Pets' corner: Foot and mouth in household pets and the ideal starter pet

Your questions answered by Chamois Rose-Wood
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Is foot and mouth transferable to household pets? John Sears, Grimsby

This all depends on what you consider to be "household pets". Most pet owners will not be affected by foot and mouth disease. However, people with small holdings and farms might be affected. Foot and mouth disease infects bovines, which are cloven-hoofed mammals, ruminants and suidae, which is the biological family to which pigs and their relatives belong. Camelidae (camels, dromedaries, llamas, vicunas) have low susceptibility. It is a viral disease and can be spread by movement of infected animals and contaminated vehicles or facilities used to hold the animals. They can also catch the disease by consuming contaminated drinking water and food. Bodily secretions (saliva, semen, urine, vesicular fluid and milk) can spread the disease as well. It can be transmitted by direct or indirect contact with infected animals. Foot and mouth disease is a very complex subject and too vast to go into details, but you will find all the information you need on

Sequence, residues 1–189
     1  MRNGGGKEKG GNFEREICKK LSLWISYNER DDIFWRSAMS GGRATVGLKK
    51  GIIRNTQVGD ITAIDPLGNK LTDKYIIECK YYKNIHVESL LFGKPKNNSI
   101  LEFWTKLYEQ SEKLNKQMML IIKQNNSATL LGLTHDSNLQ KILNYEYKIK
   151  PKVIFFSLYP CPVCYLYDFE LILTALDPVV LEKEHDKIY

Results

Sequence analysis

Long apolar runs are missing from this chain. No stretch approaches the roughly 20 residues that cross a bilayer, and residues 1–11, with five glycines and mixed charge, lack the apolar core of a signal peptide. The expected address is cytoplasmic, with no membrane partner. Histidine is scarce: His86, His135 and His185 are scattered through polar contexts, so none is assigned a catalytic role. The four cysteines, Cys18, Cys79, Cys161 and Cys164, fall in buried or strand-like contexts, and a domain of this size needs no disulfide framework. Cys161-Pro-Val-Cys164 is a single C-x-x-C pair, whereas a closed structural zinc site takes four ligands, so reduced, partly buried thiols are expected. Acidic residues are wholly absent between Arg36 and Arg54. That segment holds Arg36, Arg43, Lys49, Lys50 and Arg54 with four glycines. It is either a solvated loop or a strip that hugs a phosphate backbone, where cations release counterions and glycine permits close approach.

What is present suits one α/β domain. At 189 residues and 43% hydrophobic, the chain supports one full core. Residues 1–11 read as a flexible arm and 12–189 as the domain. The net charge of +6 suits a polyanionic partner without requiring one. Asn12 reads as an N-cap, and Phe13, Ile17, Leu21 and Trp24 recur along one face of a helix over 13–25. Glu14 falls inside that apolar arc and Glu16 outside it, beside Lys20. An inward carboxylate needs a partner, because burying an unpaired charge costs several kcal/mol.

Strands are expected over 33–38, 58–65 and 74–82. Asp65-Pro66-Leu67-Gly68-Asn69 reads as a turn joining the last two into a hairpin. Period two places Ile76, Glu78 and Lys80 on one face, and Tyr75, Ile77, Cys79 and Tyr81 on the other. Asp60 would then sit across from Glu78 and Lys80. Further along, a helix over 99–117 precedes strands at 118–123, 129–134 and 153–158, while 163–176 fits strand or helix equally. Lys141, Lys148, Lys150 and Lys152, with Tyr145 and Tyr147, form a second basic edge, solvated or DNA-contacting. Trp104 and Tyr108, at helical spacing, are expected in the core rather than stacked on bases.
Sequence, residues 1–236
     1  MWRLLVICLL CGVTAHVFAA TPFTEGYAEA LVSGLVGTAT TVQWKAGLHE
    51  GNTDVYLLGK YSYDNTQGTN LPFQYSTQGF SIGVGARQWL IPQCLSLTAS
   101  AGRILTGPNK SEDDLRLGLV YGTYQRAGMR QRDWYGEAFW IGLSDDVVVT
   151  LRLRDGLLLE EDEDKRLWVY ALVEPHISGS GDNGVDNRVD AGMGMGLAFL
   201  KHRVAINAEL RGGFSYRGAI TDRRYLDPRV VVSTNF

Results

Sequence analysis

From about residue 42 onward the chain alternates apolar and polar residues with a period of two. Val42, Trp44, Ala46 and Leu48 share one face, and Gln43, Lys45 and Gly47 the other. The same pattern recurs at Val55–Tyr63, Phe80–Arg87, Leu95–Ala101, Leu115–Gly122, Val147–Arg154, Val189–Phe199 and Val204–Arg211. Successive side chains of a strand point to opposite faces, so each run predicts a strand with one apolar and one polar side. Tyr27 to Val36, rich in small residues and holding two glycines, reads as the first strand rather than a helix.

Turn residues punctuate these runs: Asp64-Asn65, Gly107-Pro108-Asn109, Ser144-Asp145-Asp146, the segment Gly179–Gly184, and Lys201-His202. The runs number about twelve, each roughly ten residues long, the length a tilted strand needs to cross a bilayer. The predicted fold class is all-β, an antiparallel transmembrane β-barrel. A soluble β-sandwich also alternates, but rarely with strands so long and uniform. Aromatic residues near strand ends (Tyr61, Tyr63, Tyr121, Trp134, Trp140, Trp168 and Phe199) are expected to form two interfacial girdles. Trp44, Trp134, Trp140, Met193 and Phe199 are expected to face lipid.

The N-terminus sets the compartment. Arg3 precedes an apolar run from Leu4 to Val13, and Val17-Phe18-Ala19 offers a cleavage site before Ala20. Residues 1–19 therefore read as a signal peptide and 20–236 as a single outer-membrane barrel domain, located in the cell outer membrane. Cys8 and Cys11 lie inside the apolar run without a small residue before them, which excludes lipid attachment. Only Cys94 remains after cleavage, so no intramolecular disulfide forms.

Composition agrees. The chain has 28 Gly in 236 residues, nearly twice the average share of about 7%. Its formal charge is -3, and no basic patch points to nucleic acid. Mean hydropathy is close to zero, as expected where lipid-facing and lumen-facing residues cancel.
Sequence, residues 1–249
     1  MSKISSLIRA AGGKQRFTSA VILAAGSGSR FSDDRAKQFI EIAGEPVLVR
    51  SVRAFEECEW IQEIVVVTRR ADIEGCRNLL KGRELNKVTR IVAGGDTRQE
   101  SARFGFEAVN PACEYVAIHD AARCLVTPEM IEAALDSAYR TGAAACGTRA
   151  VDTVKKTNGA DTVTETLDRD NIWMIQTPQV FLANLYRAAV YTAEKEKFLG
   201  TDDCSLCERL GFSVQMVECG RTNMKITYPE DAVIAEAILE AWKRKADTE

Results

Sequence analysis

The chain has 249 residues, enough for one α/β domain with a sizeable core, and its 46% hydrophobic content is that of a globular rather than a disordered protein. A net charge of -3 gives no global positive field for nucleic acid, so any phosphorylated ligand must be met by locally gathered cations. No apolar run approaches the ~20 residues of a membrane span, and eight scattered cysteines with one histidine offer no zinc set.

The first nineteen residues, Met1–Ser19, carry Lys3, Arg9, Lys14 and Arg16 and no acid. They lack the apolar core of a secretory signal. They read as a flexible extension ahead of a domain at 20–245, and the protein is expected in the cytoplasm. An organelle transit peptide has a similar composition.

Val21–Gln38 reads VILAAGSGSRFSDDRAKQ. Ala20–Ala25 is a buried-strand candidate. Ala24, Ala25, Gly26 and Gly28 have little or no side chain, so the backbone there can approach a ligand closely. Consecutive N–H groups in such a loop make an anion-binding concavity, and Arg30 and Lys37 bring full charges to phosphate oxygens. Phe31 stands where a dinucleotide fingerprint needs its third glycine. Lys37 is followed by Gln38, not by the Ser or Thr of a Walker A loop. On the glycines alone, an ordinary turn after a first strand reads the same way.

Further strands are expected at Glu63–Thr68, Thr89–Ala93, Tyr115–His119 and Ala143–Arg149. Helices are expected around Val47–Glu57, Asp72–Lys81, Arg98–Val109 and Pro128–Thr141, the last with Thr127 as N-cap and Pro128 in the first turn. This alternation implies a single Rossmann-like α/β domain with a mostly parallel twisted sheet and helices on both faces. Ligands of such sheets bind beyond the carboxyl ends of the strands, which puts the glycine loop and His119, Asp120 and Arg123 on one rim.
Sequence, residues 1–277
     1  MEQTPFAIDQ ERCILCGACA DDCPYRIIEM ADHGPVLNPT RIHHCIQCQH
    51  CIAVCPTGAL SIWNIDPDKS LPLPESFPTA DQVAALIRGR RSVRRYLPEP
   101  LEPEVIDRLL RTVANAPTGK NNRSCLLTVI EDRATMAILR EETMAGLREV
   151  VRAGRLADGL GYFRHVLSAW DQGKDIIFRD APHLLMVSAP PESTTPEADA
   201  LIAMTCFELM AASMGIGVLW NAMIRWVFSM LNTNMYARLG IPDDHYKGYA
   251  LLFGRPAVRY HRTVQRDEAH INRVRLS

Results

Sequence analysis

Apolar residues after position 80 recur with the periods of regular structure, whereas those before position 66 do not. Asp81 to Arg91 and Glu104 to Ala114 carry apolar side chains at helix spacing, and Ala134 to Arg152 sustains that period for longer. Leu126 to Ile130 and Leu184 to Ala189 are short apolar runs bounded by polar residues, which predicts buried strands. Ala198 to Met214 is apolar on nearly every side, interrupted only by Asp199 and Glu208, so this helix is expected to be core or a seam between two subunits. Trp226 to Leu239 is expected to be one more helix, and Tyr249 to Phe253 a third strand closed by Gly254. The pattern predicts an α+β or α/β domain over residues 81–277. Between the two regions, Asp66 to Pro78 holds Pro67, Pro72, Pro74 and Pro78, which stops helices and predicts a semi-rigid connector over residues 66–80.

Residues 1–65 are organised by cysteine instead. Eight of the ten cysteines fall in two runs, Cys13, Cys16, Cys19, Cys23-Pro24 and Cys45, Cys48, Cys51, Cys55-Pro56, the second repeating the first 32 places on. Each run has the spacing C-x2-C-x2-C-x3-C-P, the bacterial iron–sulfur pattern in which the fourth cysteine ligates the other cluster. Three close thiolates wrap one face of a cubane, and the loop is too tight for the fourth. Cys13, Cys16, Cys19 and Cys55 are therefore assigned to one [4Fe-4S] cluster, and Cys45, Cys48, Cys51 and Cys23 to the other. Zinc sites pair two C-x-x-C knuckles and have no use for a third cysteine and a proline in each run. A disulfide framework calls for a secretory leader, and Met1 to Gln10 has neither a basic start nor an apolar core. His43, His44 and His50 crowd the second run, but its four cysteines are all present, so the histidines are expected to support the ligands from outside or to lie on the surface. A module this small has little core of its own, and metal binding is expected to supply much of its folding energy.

I've always hated the idea of pets, but my young children are keen to have some. What is a good 'starter' pet? Amanda Batterfield, Canterbury

A great and fun starter pet for your children would be a stick insect. They are relatively easy to keep and an ideal source of interest and study. Your children will watch them for hours! Stick insects may be kept with other stick insects of the same species, but overcrowding must be avoided. They do best in a covered aquarium with a ventilated lid. It must be tall enough for them to hand upside down so they can moult. Most species require a temperature of 70 to 86°F (21 to 30°C). You can feed stick insects on leaves, such as brambles, rose leaves, privet and ivory. Get these from your garden or local park so you are sure they haven't been sprayed with any chemicals. Also, provide your stick insect with a few twigs to enhance his habitat.

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